Elastofibroma Workup

Updated: Apr 05, 2021
  • Author: Robert A Schwartz, MD, MPH; Chief Editor: Dirk M Elston, MD  more...
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Workup

Imaging Studies

Elastofibromas have a typical sonographic appearance consisting of arrays of linear strands against an echogenic background. [30, 31] However, in some cases, the ultrasound pattern of an elastofibroma dorsi may be similar to the surrounding muscular tissue, and neither a clear cleavage surface nor a specific vascular pattern can be seen. In these cases, the elastofibroma may be difficult to distinguish from surrounding tissue. [32] If further delineating its borders proves difficult, then further imaging modalities should be used. [33]

Chest wall radiographic findings are usually normal; however, elevation of the scapula from the chest wall has been detected in a few cases. [34]

CT scanning and MRI reveal a lenticular, unencapsulated, soft tissue mass with skeletal muscle attenuation interspersed with strands of fat attenuation. [35, 36, 37] Small elastofibromas may be difficult to visualize on CT scans or MRIs, but they can be enhanced by the use of gadolinium. Its characteristic location (periscapular region) and specific imaging appearance on ultrasound images, CT scans, and MRIs facilitates accurate diagnosis. [38] Noninvasive techniques, especially MRI, and histologic assessment are closely correlated, so that sometimes a biopsy can be avoided. [39] The sensitivity and positive predictive value of MRI in the diagnosis of elastofibroma dorsi in a study of 15 patients were 93.3% (95% confidence interval, 68-100%) and 100% (95% confidence interval, 75.2-100%), respectively. [40]  CT scanning has a higher correlation than MRI in documenting the size of an elastofibroma. [41]

Incidental detection of bilateral elastofibroma dorsi with F-18 fluorodeoxyglucose positron emission computed tomography scanning has been described. [42, 43]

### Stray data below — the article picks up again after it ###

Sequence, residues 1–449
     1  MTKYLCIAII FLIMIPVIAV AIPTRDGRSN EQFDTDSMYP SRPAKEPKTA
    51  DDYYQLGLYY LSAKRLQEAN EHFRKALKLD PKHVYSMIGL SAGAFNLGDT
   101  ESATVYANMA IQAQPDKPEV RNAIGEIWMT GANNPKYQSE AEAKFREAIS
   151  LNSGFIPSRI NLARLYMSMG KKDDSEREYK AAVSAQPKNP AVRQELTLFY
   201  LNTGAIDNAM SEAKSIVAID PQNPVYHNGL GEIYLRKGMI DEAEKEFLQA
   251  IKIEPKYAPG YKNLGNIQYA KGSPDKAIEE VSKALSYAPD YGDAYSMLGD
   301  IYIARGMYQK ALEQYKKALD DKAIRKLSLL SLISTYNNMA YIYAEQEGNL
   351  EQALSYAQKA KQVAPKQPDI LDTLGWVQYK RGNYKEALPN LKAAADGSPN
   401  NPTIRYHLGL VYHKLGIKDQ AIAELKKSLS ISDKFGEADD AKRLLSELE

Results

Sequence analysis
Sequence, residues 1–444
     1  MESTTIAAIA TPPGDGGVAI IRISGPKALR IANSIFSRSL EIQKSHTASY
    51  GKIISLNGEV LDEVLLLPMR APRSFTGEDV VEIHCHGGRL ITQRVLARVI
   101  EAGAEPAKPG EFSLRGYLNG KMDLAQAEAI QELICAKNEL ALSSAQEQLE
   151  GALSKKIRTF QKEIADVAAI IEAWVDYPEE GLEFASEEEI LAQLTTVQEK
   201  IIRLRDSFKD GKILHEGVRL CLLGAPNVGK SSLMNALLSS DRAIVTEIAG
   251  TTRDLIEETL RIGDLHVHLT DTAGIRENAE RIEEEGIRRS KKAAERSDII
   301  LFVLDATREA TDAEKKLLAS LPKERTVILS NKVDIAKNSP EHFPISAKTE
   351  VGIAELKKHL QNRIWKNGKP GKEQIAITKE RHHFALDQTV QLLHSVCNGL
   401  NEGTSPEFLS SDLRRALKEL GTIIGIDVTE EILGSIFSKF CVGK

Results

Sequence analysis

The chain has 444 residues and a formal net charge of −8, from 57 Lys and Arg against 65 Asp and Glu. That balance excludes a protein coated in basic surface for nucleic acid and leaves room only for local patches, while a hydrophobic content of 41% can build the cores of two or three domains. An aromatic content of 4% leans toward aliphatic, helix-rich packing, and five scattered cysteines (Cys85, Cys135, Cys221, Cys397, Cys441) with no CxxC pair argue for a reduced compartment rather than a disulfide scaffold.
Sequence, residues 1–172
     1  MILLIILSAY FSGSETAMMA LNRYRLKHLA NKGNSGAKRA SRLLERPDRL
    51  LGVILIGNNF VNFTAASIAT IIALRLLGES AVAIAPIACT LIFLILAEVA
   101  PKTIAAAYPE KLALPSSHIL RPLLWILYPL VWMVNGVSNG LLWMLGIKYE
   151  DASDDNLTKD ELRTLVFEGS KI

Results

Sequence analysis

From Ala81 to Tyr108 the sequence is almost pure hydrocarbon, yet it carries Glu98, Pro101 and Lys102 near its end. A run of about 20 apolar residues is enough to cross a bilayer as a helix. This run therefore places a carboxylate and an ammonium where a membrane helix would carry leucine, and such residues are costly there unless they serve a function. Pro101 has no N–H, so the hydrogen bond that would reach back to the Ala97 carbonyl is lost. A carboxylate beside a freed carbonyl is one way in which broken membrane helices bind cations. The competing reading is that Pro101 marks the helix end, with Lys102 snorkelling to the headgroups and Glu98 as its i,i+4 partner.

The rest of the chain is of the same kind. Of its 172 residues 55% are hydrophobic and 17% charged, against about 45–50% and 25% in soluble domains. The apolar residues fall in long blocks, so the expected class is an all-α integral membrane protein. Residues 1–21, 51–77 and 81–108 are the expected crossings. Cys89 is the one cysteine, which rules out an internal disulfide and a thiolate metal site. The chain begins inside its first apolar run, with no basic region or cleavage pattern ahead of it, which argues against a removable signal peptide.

See the image below.

Elastofibroma. Hematoxylin and eosin stain. Interm Elastofibroma. Hematoxylin and eosin stain. Intermediate magnification. Courtesy of Soca1zim, via Wikimedia Commons.
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Procedures

A biopsy specimen should be obtained from the affected area. The surgical excision should be large and should include skin, subcutaneous fatty tissue, and, if necessary, deeper tissue. A shave or punch biopsy is not sufficient.

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Histologic Findings

The tumor grossly appears as an ill-defined mass with a white or gray-white, glistening surface.

Upon light microscopy, elastofibromas are dermal unencapsulated tumors composed of branched and unbranched elastic fibers, eosinophilic collagen bundles, and scattered fatty tissue. The elastic fibers have a degenerated, beaded appearance or are fragmented into small globules or droplets arranged in a linear pattern. The epidermis is usually unaffected. The interspersed spindle or stellate cells show a fibroblastlike appearance and were almost consistently positive for vimentin and frequently positive for CD34 and lysozyme immunohistochemically. [3] The CD105-positive vessels in elastofibromas appear to reflect active neovascularization. [44]

At an ultrastructural level, the elastic fibers appear as an irregular granular or fibrillary aggregation of electron-dense, amorphous material surrounded by microfibrils and collagen fibers. Collagen fibers are commonly incorporated within the elastic material.

Immunohistochemically, elastofibromas stain positively for vimentin but negatively for smooth muscle actin, S-100, desmin, and p53. [45] . Positive staining for factor XIIIa and CD34 in the cells forming this neoplasm implies that it originates from primitive dermal mesenchymal cells. [46]

Because of their densely fibrous nature, hypocellularity may be observed in fine-needle aspiration biopsy specimens of elastofibromas; thus, diagnostic material may be overlooked. The smears show evidence of mature adipocytes, fibroblasts, collagen fibers, globular bodies, and characteristic braidlike or fernlike structures, revealing degenerative elastic fibers. Careful evaluation of the background of the smears coupled with full knowledge of the clinical and radiological findings, including those from MRIs, is required to establish the correct diagnosis; therefore, a skin biopsy is preferable.

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